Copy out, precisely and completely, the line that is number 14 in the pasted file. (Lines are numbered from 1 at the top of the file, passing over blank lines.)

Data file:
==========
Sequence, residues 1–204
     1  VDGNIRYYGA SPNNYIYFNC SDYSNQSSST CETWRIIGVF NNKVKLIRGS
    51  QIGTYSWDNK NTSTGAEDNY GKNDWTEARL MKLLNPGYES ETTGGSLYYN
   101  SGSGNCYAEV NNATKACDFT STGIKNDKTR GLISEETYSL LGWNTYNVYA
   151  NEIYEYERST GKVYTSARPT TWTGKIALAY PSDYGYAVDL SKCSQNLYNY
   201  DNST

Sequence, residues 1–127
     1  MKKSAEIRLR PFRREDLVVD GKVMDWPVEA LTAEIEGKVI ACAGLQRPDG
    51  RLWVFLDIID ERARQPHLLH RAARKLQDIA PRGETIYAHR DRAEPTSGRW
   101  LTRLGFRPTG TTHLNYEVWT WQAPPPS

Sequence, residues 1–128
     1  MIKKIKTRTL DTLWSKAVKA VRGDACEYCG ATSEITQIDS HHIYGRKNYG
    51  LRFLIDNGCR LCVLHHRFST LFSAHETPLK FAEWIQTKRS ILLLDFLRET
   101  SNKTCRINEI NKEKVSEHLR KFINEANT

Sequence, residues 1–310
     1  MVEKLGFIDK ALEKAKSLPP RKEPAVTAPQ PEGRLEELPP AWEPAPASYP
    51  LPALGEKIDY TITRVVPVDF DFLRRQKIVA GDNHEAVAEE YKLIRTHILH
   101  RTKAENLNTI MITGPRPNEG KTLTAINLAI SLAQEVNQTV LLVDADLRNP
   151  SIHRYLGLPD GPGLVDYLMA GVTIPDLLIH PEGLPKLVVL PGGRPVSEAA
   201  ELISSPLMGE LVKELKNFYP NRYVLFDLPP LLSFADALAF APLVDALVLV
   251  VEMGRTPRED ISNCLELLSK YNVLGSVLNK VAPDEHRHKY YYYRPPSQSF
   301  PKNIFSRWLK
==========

   101  SNKTCRINEI NKEKVSEHLR KFINEANT